Edward Snowden might be the most polarizing figure in America right now.
He teeters along the line between hero and villain. Some know exactly what box to put him in, and others are a little less sure. Republican Speaker of the House John Boehner, however, has his mind completely made up.
In a Good Morning America interview this Tuesday, the congressman from Ohio's 8th district did not hesitate to label the 29-year-old NSA whistle blower a "traitor." Boehner contextualized his remark by explaining that the disclosure of information concerning what the president has characterized as important national security programs to keep Americans safe puts citizens at unnecessary risk.
His sentiments are undoubtedly shared by millions of U.S. citizens. There are many Americans — in fact, a recent poll shows 62% of the nation — who would gladly sacrifice some privacy to the government in exchange for safety. And the Republican congressman believes that, if seen through to their entireties, the programs generated by the House and Senate Intelligence Committees could work effectively and maintain the privacy rights of U.S. citizens.
So clearly we know where Representative Boehner stands. But I wonder how he would comment on the acts of characters like Daniel Ellsberg, the former Defense Department official who released the Pentagon Papers in 1971, or Mordechai Vanunu, the Israeli nuclear technician who revealed the existence of Israel's weapons program to the British press in 1986. Would he call these figures traitors as well?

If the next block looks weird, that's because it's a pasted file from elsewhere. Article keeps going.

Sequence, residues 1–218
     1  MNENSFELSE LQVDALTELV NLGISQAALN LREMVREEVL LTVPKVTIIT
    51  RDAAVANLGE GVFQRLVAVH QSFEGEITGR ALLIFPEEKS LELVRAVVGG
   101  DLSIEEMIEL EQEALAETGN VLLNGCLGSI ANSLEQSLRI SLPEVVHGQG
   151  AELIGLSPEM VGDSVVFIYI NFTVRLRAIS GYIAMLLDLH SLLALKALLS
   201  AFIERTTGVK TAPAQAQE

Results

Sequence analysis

What if we flipped the script, and targeted Boehner as the American traitor for his endorsement of NSA surveillance of Americans? Through his advocacy of overbearing government insight into the personal lives of its citizens, is the representative admitting his advocacy of civil rights abuses? I think most people understand that the government isn't interested in the cat photos you've shared with your Aunt Sue, but for anyone who's ever expressed an edgy political dissent or critique of the intelligence establishment, this government presence is alarming. And those people are going to want congressional support if ever intimidated by government backlash.
So, with bolder stances and harsher labels being tossed around in what seems a faster, more frivolous manner, the gap between those who label Snowden a hero or a villain is doomed only grow wider. In the same way our partisan government forces us into two different ideological camps, advocates of either interpretation of Snowden's actions will soon be recruiting and slandering their way down the path towards legal action and reformation. Hero or villain: you will have to decide.